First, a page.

Too Good to Pass Up: Cheney Q&A
In an interview with CU Times, outgoing CUNA CEO Bill Cheney explained why he is leaving the trade organization after four years and discussed his accomplishments at CUNA as well as some areas in need of improvement.
Cheney officially starts his new position in June as the CEO of the $9.8 billion SchoolsFirst Federal Credit Union in Santa Ana, Calif.
CU Times: Why are you leaving CUNA?
Cheney: It's all about the opportunity at SchoolsFirst and I think it's really important that people understand that. There are very few opportunities that would interest me, given the position I have now. I spent 19 years at credit unions. I spent eight years in the trade association world – four in California and Nevada and now four at CUNA. I certainly wasn't looking to leave. I think we’ve had great accomplishments at CUNA but this was an opportunity I just couldn't turn down. It's such a great credit union and a great board.
CU Times: What do you see at SchoolsFirst that you are not getting at CUNA?
Cheney: I loved the four years I spent at the league and I loved the four years I spent at CUNA but when it comes right down to it, I started my career at Security Service Credit Union in Texas and the opportunity to now hopefully end my career at a credit union of the quality of SchoolsFirst, serving their 600,000 and more members, working with that board and that team is just a great opportunity and it's different than the trade association. Obviously, I’ll still be involved in the California league. I’ll still be involved in CUNA as a large member credit union.
CU Times: Who should be the next leader of CUNA and what kind of qualities should they have?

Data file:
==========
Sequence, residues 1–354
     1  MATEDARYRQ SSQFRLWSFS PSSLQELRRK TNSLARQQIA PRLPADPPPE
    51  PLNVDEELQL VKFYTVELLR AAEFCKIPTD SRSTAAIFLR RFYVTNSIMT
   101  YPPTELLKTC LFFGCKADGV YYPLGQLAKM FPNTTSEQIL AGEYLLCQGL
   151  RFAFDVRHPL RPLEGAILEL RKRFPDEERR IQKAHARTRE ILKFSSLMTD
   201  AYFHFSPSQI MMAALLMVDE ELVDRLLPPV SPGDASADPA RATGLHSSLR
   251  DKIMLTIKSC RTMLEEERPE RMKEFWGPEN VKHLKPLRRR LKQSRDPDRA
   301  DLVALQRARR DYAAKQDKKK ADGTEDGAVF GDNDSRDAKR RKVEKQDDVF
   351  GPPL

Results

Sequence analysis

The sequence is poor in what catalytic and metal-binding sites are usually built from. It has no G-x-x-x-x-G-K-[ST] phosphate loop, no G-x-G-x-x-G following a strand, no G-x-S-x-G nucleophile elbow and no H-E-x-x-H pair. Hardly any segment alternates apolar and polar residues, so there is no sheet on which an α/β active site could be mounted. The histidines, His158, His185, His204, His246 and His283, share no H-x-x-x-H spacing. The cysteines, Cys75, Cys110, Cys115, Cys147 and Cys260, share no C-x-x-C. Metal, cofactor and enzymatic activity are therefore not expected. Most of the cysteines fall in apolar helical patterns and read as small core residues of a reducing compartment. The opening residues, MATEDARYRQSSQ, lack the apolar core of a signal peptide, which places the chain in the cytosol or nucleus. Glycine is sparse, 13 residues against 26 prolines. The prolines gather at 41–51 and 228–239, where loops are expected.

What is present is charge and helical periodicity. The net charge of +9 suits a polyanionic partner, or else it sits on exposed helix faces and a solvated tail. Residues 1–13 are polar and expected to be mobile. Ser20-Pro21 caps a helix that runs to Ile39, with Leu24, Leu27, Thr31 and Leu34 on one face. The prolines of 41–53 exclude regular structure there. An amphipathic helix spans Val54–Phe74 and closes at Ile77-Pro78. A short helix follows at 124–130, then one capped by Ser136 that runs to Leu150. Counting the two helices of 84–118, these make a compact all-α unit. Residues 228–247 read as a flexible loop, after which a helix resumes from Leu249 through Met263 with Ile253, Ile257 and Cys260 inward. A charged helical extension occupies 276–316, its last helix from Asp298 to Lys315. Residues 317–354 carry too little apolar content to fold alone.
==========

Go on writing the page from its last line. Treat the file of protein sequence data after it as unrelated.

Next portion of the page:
Cheney: That has yet to be defined. It's something that we’re working on now and when they find the right search firm, that will be one of the first steps is, ‘OK, now for 14 or 15 years, we had Dan Mica, who was a former member of Congress. For the last four years we’ve had someone who has been in a credit union and has been at the league and we’ve made a lot of changes and we’ve set a course for the future but now what? What are the key skills and leadership attributes that we need to advance the movement forward?’ We don't have the answer to that yet and I don't they’re going to eliminate any possibility.
CU Times: How do you plan to still have an impact on the legislative process outside of Washington?
Cheney: I’ve made a lot of great contacts while I’ve been in Washington and relationships with key member of Congress so I would hope to continue to play a role. Obviously, I’ll be involved actively in the efforts of the California Credit Union League and particularly in markets where SchoolsFirst has a presence. SchoolsFirst is one of the leading credit unions in the Don't Tax My Credit Union fight.
CU Times: There's a perception among some in the credit union industry that you basically left Dan Mica's team in place and by not making big changes, it kind of guaranteed that you would not succeed. What would you say to that?
Cheney: Well, I think we have succeeded. I think there's a strong team at CUNA. We have made changes. We’ve restructured the management team to be a little bit more efficient. John Franklin retired and we promoted Jill Tomalin to be the executive vice president and COO in Madison and she's doing a fantastic job there. We’ve sort of flattened out management structure in D.C. a little bit but we’ve got strong leaders in place there. Pat's position is a great example. Paul Gentile left and we did an extensive search to find the right person to lead our communications efforts going forward and you know what? The most qualified person I talked to, and I talked to many, was Pat Keefe so you don't have to make changes to be successful. Sometimes you just need to have strong leadership and put the right people in the right seats and that doesn't mean you have to bring people in from the outside to do that.